One fact, however, is sufficiently evident, that we are in a state of transition: that old things are passing away and giving place to new; and that society is in the very act, an act ever attended with convulsive throes and conflicting fears and hopes, of assuming a new form, - brighter and happier may it be than all the past! Whichever way we look we behold symptoms of change. The billows are tossing and tumbling, heaving, rolling and breaking, at every point of the compass. The public mind has outgrown public institutions, which must soon be shattered unless possessed of flexibility to admit of a proportionate expansion. Our forms, laws, establishments, whether for the purpose of education, commerce, politics, or religion, are become so insufficient to represent the intelligence, harmonize with the condition, satisfy the wants, and realize the desires of the community that they must evidently undergo extensive changes, - gradual and peaceful changes it is to be hoped…. The work has commenced, we are in the process of renovation; in some departments its rate may be more rapid than in others, but it extends to all. The conflict for reform in the Legislature is but the type and index of a wider, deeper, and mightier conflict between principles which began their struggle for mastery over man in the Garden of Eden, and shall continue till the Kingdoms of this world become the Kingdoms of our God and of his Christ. That struggle is like the elemental strife of the material world. It is like the storm that clears the heavens. It is the process by which Providence conducts mankind to higher and yet higher degrees of knowledge and happiness.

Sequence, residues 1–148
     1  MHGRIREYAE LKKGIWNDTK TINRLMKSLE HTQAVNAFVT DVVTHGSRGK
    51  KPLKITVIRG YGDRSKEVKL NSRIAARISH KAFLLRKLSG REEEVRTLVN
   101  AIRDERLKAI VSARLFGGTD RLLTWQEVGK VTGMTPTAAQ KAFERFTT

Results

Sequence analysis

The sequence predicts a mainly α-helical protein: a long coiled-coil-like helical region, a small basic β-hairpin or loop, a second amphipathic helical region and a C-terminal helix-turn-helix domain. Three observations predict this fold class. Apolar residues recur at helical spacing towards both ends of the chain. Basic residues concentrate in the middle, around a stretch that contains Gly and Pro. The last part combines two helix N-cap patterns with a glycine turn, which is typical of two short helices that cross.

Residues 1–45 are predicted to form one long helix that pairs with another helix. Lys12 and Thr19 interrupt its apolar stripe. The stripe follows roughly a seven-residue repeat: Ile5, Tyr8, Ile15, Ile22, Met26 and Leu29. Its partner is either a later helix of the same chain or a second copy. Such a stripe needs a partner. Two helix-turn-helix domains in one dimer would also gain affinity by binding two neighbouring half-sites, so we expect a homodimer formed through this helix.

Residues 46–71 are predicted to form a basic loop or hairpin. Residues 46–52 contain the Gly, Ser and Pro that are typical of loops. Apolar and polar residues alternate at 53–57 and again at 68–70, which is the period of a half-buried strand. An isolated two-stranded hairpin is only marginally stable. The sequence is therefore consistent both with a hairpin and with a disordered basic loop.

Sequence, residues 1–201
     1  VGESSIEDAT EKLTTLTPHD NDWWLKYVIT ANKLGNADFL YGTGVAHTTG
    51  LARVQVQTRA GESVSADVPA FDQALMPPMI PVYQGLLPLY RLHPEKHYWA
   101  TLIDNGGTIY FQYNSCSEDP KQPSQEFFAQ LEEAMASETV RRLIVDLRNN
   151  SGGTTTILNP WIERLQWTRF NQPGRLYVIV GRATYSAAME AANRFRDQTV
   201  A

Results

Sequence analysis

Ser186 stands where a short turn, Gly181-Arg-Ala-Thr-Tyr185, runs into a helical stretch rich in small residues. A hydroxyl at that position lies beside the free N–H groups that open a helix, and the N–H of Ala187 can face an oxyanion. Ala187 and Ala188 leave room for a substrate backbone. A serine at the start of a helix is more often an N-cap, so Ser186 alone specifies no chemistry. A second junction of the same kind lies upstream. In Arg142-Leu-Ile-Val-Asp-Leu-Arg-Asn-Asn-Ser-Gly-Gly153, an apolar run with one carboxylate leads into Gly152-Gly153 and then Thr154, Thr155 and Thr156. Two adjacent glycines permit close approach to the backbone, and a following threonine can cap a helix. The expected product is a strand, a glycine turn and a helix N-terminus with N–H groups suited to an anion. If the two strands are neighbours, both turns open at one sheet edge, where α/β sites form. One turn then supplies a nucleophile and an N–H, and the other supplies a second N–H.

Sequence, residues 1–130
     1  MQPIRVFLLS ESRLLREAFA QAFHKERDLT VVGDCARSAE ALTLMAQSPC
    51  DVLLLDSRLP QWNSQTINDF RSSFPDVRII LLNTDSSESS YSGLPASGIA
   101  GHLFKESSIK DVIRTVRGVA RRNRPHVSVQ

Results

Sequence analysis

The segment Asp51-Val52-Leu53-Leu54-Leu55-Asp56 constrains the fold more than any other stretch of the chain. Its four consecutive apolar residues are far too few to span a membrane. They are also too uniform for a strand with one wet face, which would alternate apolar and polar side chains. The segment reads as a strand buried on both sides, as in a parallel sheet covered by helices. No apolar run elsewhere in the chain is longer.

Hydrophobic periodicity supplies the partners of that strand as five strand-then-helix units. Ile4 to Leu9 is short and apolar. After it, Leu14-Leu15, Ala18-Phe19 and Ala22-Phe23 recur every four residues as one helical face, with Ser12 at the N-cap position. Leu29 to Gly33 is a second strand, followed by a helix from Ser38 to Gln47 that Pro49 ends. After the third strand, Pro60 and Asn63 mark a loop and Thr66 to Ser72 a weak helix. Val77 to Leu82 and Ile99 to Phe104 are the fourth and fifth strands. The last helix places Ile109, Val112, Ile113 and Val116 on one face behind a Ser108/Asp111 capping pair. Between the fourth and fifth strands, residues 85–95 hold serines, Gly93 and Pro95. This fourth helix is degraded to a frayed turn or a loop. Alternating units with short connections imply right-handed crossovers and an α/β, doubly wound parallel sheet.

According to the law of progress, both individual and social, by which God governs the world, the transition is made from one gradation of order, harmony, and beauty to a higher gradation, by the intervention of a state of apparent confusion and conflict….
The question of reform in the representation of the people could never have arisen into its present interest and importance but in connexion with a strong and general conviction of the necessity of a
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Publication information: Book title: Victorian Poetry:Poetry, Poetics, and Politics. Contributors: Isobel Armstrong - Author. Publisher: Routledge. Place of publication: New York. Publication year: 1993. Page number: 25.
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